Syngenta announced plans to broaden and scale up its Plene platform of integrated sugar cane solutions. Through an exclusive licensing agreement with New Energy Farms, Syngenta will access an innovative planting system for sugar cane in Brazil: Ceeds (Crop Expansion Encapsulation and Drilling System).
The Ceeds technology enables the realization of Plene on a commercial scale. It is complementary to Plene Evolve and PLENE PB, launched last year, which are for nursery production and gap-filling.
The new Plene offer will be based on encapsulated plant tissue produced in a controlled environment. It provides a higher multiplication rate and a lower unit cost per ton compared with conventional planting systems. The new Plene will use high quality plants from Syngenta’s biofactory in Itápolis and will offer a step change in sugar cane planting in terms of speed and quality. Significantly longer shelf life compared with the original Plene concept should improve transportation logistics and make the technology broadly available. The target market is some two million hectares planted annually in Brazil, with commercialization starting in 2017.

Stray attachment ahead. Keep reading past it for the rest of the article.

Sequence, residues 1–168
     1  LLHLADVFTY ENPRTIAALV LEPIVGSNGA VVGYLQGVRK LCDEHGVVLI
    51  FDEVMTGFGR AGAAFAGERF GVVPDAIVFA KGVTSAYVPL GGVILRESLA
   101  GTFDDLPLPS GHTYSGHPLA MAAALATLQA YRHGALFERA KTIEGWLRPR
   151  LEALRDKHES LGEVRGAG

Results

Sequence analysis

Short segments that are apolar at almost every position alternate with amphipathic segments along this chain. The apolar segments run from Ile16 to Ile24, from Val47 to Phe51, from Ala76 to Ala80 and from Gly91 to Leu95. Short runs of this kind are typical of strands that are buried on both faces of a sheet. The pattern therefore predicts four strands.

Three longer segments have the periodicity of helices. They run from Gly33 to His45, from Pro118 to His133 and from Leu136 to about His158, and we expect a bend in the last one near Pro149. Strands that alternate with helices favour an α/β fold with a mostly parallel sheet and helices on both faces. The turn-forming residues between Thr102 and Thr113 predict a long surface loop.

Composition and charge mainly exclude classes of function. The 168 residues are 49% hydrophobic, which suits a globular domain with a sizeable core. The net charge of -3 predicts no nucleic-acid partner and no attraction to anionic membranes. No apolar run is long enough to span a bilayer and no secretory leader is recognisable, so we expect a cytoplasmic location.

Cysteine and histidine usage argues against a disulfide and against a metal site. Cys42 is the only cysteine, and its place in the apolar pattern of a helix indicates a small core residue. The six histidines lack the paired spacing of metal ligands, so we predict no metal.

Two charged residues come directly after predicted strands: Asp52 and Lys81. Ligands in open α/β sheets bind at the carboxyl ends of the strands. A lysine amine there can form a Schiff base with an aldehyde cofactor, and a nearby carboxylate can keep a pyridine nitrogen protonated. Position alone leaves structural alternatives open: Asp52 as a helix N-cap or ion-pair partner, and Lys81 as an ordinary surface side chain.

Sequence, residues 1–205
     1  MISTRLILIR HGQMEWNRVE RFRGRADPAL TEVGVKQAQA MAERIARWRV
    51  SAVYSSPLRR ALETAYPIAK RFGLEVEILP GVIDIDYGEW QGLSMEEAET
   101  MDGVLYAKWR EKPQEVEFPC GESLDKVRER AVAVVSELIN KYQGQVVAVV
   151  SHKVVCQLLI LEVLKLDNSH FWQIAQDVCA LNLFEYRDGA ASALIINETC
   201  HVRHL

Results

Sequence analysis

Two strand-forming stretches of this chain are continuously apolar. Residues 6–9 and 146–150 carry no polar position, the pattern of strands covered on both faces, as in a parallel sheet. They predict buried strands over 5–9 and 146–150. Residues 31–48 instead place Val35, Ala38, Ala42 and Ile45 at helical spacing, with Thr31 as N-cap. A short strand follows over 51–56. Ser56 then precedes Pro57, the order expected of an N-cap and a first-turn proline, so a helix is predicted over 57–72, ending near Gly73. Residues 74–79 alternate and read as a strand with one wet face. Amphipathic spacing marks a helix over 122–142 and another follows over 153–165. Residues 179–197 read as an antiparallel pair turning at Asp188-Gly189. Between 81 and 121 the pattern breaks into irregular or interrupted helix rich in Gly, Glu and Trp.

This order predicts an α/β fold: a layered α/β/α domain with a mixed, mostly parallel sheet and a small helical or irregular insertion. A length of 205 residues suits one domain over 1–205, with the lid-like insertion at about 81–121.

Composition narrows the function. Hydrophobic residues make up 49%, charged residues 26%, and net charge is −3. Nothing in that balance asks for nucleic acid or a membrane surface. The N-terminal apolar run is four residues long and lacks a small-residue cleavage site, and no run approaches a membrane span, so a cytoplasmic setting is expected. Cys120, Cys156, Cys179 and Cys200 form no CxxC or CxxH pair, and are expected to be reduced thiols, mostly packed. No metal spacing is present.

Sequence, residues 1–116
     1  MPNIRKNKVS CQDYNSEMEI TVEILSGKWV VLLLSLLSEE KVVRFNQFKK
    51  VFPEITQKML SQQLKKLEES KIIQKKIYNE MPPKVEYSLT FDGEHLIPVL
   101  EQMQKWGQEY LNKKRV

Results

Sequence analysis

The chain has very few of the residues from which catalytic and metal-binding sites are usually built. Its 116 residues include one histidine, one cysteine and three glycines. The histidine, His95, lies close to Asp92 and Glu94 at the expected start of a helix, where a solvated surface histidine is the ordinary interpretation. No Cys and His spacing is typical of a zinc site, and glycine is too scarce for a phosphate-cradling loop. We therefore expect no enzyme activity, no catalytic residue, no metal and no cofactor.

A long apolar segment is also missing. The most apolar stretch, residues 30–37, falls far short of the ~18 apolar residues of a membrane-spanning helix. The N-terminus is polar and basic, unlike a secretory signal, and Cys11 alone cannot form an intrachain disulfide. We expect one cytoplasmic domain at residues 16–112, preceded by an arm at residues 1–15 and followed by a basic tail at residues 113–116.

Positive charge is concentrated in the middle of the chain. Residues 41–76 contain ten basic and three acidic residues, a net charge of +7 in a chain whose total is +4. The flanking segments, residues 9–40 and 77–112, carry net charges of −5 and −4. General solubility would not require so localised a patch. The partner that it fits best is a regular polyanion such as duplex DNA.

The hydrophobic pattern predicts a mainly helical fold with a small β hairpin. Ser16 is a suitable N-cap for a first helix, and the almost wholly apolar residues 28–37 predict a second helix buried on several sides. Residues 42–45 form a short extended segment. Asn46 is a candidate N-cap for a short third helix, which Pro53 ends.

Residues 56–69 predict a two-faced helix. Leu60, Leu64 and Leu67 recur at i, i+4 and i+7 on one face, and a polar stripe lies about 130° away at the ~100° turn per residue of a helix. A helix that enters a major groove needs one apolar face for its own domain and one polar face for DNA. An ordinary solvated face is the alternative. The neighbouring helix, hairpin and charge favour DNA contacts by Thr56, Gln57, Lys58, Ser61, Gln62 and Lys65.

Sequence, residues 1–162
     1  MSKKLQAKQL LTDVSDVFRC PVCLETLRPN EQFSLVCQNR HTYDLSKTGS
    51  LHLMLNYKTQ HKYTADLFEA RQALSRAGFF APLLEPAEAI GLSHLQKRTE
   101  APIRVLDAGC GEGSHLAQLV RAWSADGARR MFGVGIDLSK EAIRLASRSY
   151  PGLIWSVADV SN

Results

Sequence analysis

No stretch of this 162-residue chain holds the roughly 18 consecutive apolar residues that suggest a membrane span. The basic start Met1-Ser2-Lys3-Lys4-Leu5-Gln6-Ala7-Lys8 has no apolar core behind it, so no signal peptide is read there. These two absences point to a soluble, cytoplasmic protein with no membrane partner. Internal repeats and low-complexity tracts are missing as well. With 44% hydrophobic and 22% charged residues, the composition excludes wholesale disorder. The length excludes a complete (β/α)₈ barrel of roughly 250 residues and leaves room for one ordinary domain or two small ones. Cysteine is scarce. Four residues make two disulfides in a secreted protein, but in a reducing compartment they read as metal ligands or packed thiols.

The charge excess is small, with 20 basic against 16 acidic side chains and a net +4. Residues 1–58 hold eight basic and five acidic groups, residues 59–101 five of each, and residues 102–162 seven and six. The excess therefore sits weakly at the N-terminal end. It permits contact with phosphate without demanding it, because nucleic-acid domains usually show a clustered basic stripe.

Syngenta Chief Operating Officer, John Atkin, said: “We have added another innovative technology to our Plene platform. This will make the planting process for growers more efficient and will bring them high quality genetic material at scale. By multiplying in a controlled environment, we can eliminate field production uncertainties and related economic risks.”
Paul Carver, Ph.D., CEO of New Energy Farms, said: “We have been developing the Ceeds technology since 2009 and have demonstrated that it is very effective on a number of vegetatively propagated crops. We are excited that the expertise and infrastructure of Syngenta will enable the commercialization of this technology on sugar cane in Brazil.”
Syngenta’s portfolio for sugar cane is already delivering broad benefits to growers in Brazil, the world’s largest sugar cane producer. Producing more than 40 percent of the world’s sugar cane, Brazil has increased production by more than 100 percent in the past 10 years. Further growth is expected supported by Brazil’s leading role in meeting an increase in global sugar demand.